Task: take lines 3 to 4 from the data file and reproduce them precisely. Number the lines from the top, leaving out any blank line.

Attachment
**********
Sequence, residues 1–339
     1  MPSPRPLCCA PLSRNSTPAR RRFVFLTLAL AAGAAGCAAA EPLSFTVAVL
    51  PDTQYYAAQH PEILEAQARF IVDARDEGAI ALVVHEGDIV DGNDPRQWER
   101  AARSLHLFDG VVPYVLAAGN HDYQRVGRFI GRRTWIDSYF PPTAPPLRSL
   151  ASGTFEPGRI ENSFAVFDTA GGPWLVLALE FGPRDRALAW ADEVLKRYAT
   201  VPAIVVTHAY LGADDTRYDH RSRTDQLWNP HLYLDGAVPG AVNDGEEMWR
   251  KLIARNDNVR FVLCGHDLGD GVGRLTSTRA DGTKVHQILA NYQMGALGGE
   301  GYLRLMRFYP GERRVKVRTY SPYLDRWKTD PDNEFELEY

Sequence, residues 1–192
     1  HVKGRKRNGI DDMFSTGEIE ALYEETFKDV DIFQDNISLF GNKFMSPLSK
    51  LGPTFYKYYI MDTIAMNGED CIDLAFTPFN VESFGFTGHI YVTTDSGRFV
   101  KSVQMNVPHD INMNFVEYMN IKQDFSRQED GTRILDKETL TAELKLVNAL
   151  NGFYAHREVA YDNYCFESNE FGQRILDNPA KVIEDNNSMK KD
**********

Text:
    51  PDTQYYAAQH PEILEAQARF IVDARDEGAI ALVVHEGDIV DGNDPRQWER
   101  AARSLHLFDG VVPYVLAAGN HDYQRVGRFI GRRTWIDSYF PPTAPPLRSL